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Re: Grandfather Ben SADLER ?
In Response To: Re: Grandfather Ben SADLER ? ()
Obituary for Emerline’s mother, Corinne Tate Foster, (Baton Rouge) Advocate, October 19, 1954:
Died Saturday, Oct. 16, at Our Lady of the Lake Hospital. She was 69 and a native of East Baton Rouge Parish. She was the daughter of the late Elie and Emerline Tate. The body will rest at Scotts Bluff Funeral Home with religious services scheduled for 2 p.m., Tuesday, October 19, at the Little Rock Baptist Church. Burial will be in Plank Rd. Cemetery. She is survived by her husband Ben Foster; two sons, Ben and Samuel, both of Baton Rouge; seven daughters, Emeline Saddler Tate [sic], Henrietta Costley, Mary Lee Morris, Picola Floyd, Henrietta Curry, Pearl Drwey [sic], and Corinne Valerie, all of Baton Rouge; three sisters, Rachel Cox, Edna Mott, and Della Hampton; two brothers, Eli Tate of Baton Rouge and Henry Tate of Greenville, Miss. She was the mother of 12 children, 52 grandchildren, and 19 great grandchildren.
Click on “Advanced Search” – type in “Tate” and “Ely” – please note that his name is spelled with a “y” on his death certificate. Ordering instructions are on the website. (Or if you still live in Baton Rouge you can just go to the State Archives.) There is a good possibility (although not a certainty) that his death certificate will list the names of his parents.
On December 10, 1886, the Advocate published the following:
It is established from the census that Ely and Emeline had a daughter named Isabelle. Isabelle predeceased her sister Corinne and is therefore not listed as a survivor in Corinne’s obituary, but here is an extract of her death record, which confirms that Emeline’s maiden name was Allen:
However, here is an extract of Emeline Tate’s own death record, listing her father’s name as Jack Johnson:
More research is required to hopefully shed light on this mystery.
Now, assuming that Ben was born in East Baton Rouge Parish – which is the guess that I am making and why his death certificate and the input of other researchers on this board would be incredibly helpful – there is only one possibility on the 1880 census:
If this is correct, then his parents are Ely and Harriet Foster. I can’t find Harriet or children in the 1870 census, but I can find Eli with his mother Celeste:
During Reconstruction, Eli established a bank account with the Freedman’s Bank, listing his parents and a few of his siblings:
But prior to that, he served with the US Colored Troops. I cannot find him or his family on the 1860 census, so I do not believe that they were free people of color. Eli, along with his brothers Gabe (who survived), Samuel and Mike (both of whom died in the war) all joined the 50th Regiment on July 20, 1863, in Natchez, MS. Eli joined under the name “Elijah Foster” and it is noted that he deserted at Vicksburg. However, an “Eli Foster” shows up with the 58th Regiment with no enlistment record, so I believe that he got separated from his regiment in the chaos that was Vicksburg and ended up with the 58th. His widow Harriet was granted a widow’s government pension for his service in 1893, which would not have been done had he been a deserter. If you have an Ancestry subscription, you can view his military record here:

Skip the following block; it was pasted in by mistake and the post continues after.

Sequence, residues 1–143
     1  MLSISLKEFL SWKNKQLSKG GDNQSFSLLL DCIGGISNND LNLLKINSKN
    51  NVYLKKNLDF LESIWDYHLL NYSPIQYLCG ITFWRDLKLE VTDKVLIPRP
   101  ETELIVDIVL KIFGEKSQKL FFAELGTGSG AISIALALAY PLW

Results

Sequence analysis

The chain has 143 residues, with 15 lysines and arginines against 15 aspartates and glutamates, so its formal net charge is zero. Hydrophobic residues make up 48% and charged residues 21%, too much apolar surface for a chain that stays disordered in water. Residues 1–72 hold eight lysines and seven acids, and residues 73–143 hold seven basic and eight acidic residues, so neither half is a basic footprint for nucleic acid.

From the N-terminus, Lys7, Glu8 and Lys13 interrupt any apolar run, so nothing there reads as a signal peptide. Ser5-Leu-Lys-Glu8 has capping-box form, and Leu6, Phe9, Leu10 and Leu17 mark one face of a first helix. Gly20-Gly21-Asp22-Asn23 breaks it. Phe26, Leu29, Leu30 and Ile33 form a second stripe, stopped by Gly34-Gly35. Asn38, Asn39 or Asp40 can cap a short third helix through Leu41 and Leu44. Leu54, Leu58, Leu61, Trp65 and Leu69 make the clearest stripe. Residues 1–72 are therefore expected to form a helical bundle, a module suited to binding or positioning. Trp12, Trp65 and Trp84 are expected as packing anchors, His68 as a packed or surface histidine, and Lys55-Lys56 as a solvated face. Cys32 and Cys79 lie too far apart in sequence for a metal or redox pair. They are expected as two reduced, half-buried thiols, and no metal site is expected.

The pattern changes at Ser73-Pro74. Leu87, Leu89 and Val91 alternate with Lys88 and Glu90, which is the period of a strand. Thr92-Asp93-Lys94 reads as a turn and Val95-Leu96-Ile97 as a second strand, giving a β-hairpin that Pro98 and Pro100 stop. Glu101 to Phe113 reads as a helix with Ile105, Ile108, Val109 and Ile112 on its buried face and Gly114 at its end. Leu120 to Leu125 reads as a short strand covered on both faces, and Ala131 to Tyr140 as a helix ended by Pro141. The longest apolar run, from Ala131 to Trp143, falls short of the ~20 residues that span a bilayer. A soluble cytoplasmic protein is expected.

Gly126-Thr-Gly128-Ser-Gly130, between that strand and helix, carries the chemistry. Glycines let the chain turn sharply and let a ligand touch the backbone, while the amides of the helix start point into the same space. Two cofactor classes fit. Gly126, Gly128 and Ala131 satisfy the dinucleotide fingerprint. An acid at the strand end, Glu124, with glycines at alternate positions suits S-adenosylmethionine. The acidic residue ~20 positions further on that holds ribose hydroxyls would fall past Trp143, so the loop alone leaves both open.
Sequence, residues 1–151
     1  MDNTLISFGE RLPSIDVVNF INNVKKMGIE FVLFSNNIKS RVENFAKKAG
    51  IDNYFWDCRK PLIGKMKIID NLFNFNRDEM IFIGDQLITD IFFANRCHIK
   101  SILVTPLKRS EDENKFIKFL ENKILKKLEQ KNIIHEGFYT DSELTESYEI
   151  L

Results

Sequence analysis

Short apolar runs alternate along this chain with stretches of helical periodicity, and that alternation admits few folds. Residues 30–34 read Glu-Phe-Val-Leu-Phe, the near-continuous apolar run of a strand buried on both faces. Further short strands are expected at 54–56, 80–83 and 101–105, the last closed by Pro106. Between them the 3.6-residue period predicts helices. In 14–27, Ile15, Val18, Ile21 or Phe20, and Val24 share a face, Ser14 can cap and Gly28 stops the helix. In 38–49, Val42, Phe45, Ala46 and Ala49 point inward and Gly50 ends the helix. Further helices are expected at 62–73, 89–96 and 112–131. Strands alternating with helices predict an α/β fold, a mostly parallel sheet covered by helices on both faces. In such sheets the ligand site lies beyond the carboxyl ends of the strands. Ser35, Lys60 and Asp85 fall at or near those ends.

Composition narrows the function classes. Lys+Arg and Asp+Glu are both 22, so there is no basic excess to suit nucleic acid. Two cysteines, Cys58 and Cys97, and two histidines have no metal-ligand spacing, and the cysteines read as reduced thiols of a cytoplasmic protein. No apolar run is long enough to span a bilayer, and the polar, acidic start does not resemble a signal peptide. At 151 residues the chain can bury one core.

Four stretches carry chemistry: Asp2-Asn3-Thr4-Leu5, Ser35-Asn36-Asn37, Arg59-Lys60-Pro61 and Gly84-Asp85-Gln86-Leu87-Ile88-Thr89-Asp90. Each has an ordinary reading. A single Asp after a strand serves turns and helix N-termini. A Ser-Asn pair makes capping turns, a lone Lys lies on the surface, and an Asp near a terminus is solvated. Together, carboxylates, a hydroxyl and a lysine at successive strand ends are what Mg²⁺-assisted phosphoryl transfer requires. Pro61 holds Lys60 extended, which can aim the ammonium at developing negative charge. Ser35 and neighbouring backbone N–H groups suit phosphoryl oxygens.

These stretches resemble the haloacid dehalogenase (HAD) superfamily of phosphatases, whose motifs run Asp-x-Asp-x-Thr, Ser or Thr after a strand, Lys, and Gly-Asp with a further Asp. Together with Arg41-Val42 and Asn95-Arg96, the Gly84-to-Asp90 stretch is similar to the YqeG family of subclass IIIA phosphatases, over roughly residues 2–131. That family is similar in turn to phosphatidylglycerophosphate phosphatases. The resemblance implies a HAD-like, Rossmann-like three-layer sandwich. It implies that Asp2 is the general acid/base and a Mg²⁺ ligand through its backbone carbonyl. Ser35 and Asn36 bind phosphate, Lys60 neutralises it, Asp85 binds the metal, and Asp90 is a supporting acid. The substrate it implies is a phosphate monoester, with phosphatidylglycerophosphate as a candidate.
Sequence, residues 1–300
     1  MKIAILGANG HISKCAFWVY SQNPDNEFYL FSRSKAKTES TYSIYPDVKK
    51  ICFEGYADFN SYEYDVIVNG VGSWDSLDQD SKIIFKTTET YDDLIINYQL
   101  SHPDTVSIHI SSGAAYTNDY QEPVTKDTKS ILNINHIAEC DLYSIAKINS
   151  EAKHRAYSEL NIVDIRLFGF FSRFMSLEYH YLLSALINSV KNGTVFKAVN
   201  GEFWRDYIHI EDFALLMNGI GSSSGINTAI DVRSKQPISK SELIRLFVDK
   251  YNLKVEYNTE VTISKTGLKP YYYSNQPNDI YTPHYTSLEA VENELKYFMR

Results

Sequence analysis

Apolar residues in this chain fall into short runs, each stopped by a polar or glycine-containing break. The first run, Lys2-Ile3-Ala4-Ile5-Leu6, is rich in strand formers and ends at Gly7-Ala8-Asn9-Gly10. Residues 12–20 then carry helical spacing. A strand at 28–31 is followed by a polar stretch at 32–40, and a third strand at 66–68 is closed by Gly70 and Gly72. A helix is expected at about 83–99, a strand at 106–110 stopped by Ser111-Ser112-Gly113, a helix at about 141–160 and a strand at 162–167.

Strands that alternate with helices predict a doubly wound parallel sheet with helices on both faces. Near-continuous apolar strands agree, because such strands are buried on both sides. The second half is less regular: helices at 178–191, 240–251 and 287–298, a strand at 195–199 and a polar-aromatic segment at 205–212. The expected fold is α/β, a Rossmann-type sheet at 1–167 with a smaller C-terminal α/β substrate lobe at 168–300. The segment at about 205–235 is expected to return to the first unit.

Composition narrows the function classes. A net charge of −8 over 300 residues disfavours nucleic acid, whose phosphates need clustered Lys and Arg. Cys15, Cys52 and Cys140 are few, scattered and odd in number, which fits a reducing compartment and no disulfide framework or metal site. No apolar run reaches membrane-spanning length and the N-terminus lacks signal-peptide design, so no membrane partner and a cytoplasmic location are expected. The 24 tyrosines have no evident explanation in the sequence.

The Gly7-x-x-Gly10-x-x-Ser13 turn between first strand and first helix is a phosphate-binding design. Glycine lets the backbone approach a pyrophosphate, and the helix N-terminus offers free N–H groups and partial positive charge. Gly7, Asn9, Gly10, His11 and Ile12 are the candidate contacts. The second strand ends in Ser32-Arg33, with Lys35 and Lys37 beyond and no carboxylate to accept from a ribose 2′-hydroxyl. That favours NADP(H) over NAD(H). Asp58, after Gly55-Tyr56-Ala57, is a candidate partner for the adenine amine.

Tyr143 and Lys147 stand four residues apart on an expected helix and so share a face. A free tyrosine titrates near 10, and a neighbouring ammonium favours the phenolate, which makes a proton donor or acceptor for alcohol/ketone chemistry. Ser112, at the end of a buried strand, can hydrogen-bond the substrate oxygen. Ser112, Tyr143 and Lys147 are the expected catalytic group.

Harriet applied for a widow’s pension here:
You can apply for a copy of the pension file from the National Archives. Sometimes these can have extraordinary amounts of personal information!
We know that Eli’s parents were named William J. Foster and Celeste. Either (or both) of these may be potential children, so it is possible that Celeste’s maiden name might be Butler or Claiborne:
Celeste Foster died on July 16, 1918. (I highly encourage you to order her death certificate as well). And there is one final research present from her!
From the (Baton Rouge) State Times, July 19, 1918:
Here’s A Memorable Record-Breaker
105 Years Old, 200 Descendants, Survivor of Five Wars, Old Colored Mammy Passes Away
Not many bona fide Methusalehs live in these fast 20th century days, who have passed the century mark themselves and seen several generations of descendants.
But here is a case in the parish of East Baton Rouge where an old colored mammy, or rather great-great-grandmammy, has probably surpassed any previous record.
Celeste Foster, who spent her long life on the plantation now belonging to (either Lee or Leo? – difficult to read) Kleinpeter has just died in her 106th year. She, therefore, came into this world just about the time of the second war with England; was grown when the great excitement of the stars falling spread through the world in 1833; was a mother during the Mexican war, a grandmother at the time of the civil war, a great-grandmother during the Spanish American fracas, and died a great-great-grandmother, not being able to survive the greatest of all wars.
But that is not all. This notable oldest citizen reared ten children during all these troublous times, who presented her with 34 grandchildren, who in their turn added 151 to the colored population of East Baton Rouge, all of whom were great-grandchildren of Celeste Foster. And a fourth generation of five great-great-grandchildren were at her deathbed.
In other words, the world is 200 human beings richer by reason of the birth in 1813 of Celeste Foster, whose multiplying seed will by another century, according to the same proportion, be increased to the tremendous number of 83,000 souls – enough to defy the Kaiser himself in battle array.
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